Medical Devices Regulation — here’s why the industry is seeking an extension at the regulator’s cost

by Rahul Devi

The medical device manufacturers in India have requested a six-month extension to comply with the quality licensing rules for high-risk medical devices. These products, which are classified under Class C and Class D categories, include ventilators, imaging equipment, oxygen therapy equipment, nebulisers, X-ray equipment, surgical robots, and oncology treatment linear accelerators, among others.

The manufacturers were initially given until September 30, 2023, to comply with the Medical Devices (Amendment) Rules, 2020. This mandate required them to obtain licenses for their high-risk products by October 1, 2023. However, the industry is now asking for an extension due to procedural delays in issuing licenses by the regulators.

While the regulation for non-risk medical devices came into effect in April 2020, the industry players who were registered but not licensed on that date were allowed to continue manufacturing and selling. The regulators, the Food and Drug Administrations (FDA) at the state level and the Central Drugs Standard Control Organisation (CDSCO) at the central level, have since sought compliance and audit certification from these manufacturers.

In a letter dated September 25, the Association of Indian Medical Device Industry (AiMED) expressed concerns about the resource constraints of the CDSCO in conducting timely inspections and issuing manufacturing licenses before the deadline. AiMED mentioned that over 1,000 manufacturing licenses are still in process for 200-300 manufacturers of high-risk medical devices, indicating that the regulators are unable to complete their inspections on time.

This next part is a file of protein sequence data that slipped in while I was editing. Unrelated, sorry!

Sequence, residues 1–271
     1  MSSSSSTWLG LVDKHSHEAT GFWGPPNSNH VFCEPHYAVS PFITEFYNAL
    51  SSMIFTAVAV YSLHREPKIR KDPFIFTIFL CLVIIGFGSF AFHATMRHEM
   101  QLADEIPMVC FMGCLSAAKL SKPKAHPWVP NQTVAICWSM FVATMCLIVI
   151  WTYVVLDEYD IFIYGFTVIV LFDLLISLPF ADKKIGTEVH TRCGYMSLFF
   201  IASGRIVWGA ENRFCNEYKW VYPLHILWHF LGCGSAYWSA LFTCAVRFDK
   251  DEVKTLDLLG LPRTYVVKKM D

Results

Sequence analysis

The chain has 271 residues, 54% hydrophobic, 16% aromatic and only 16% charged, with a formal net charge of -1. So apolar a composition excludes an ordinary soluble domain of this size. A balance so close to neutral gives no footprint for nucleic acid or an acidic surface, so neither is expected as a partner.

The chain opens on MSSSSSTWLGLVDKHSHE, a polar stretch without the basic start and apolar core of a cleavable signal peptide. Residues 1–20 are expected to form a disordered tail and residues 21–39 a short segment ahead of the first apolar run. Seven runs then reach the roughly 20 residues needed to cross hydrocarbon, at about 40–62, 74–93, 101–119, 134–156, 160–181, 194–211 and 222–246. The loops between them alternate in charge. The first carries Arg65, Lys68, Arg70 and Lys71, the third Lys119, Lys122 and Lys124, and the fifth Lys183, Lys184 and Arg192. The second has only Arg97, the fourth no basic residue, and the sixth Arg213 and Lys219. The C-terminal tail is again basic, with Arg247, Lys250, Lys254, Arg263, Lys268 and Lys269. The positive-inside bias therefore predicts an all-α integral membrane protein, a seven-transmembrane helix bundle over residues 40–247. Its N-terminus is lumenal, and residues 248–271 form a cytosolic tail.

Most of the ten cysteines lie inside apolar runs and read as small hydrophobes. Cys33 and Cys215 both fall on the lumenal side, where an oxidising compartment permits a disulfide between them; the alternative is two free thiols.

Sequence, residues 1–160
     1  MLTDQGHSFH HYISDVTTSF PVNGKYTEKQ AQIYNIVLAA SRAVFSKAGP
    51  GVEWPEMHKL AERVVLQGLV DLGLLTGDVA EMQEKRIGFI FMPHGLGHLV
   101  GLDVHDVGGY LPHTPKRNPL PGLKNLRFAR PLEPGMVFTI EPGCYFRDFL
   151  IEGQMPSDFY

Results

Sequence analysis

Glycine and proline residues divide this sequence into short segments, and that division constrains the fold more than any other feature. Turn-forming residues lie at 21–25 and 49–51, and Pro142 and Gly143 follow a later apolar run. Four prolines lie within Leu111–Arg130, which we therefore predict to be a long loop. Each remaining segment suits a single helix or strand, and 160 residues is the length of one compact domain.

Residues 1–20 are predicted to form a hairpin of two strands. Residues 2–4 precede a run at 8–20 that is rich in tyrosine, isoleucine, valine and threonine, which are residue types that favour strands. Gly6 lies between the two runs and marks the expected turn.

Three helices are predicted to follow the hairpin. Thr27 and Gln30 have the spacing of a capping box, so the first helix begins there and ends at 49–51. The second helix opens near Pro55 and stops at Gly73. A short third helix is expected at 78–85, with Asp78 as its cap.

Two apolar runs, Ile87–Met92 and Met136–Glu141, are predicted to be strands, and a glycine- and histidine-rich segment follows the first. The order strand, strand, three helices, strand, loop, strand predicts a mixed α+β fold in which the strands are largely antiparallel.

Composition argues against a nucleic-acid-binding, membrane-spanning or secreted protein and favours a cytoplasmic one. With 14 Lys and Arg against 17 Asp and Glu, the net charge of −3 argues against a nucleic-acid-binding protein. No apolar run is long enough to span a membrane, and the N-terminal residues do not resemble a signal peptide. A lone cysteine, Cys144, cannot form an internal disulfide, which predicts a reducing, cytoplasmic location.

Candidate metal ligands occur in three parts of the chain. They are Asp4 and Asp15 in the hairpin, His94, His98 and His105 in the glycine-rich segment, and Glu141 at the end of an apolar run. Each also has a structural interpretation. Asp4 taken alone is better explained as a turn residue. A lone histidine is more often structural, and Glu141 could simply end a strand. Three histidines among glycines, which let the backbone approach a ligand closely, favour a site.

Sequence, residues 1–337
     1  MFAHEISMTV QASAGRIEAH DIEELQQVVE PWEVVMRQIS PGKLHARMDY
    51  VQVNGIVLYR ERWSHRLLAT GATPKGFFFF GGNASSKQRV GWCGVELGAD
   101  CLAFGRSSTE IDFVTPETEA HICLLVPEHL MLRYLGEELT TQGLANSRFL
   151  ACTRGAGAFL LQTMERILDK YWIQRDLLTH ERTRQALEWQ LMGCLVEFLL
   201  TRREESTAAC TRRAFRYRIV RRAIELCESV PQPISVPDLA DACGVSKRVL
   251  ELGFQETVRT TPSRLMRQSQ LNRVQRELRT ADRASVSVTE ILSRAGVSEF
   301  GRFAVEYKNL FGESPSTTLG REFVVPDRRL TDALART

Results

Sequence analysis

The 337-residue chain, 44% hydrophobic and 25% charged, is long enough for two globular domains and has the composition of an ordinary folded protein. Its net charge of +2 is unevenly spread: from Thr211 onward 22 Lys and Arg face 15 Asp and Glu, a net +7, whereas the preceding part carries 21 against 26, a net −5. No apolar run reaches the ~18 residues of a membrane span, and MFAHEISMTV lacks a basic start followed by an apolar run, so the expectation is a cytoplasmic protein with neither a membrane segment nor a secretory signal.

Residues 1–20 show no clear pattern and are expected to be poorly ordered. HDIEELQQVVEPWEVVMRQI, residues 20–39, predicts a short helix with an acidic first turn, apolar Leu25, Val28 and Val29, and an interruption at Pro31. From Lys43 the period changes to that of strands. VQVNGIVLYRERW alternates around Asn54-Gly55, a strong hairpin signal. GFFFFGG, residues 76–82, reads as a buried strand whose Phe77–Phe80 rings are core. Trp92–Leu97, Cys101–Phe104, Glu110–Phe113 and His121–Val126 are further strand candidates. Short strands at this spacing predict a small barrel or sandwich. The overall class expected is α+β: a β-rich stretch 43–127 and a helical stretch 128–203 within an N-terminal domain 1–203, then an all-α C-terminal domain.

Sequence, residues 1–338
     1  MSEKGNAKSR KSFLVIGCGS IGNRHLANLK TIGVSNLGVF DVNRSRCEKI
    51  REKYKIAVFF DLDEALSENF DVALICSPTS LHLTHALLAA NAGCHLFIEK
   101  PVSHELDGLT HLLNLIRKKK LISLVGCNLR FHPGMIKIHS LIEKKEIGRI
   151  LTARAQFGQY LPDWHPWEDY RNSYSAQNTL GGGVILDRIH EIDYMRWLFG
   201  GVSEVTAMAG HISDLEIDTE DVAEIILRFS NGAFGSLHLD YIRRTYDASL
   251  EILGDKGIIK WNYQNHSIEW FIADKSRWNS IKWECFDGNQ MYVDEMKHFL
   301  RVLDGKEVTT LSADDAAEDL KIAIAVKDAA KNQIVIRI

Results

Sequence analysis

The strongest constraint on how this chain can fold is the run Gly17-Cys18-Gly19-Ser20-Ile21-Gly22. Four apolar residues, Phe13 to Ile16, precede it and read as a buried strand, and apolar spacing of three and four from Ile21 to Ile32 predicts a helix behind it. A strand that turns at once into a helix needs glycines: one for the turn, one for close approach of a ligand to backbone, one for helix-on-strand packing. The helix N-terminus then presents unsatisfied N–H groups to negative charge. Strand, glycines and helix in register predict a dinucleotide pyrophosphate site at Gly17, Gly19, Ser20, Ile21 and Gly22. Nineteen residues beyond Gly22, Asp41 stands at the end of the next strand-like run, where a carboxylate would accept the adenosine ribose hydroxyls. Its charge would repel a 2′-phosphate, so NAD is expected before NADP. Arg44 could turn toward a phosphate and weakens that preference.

Interestingly, the CDSCO has not informed the Ministry of Health about these resource constraints. Instead, it is the industry, subject to the regulation, that has brought this issue to the ministry’s attention. This raises questions about why the CDSCO did not report the resource constraints itself, as the ministry could have taken action to ensure timely implementation of the law.

It is worth noting that the Indian medical devices industry has been resistant to government regulations that aim to bring medical devices under the same standards as drugs. The Medical Devices (Amendment) Rules, 2020, incorporated within the Drugs & Cosmetics Act, faced strong opposition from the industry.

The resistance from the industry can be contextualized by the fact that India imports 60-70% of its medical devices from foreign sources, including multinational manufacturers. These imported products often come with exorbitant prices, making them inaccessible to the average Indian customer. As a result, domestic manufacturers often import products or components from cheaper sources, where quality may not be guaranteed.

While there has been progress in local capabilities due to new-generation technologies and tech startups, the domestic industry is still not fully capable of meeting local demand. The government aims to ensure access to good quality and locally affordable medical devices for patients. However, it is important for the industry to be transparent about its limitations and committed to the necessary changes. The government should also take measures to eliminate inferior products for the sake of patient safety.

In conclusion, the medical device manufacturers in India are seeking an extension to comply with quality licensing rules for high-risk medical devices. The industry cites procedural delays as the reason for the request, highlighting resource constraints faced by the regulators. While the government aims to ensure access to quality medical devices, it is crucial for the industry to be transparent and committed to necessary changes. The government should also take measures to eliminate inferior products for patient safety.

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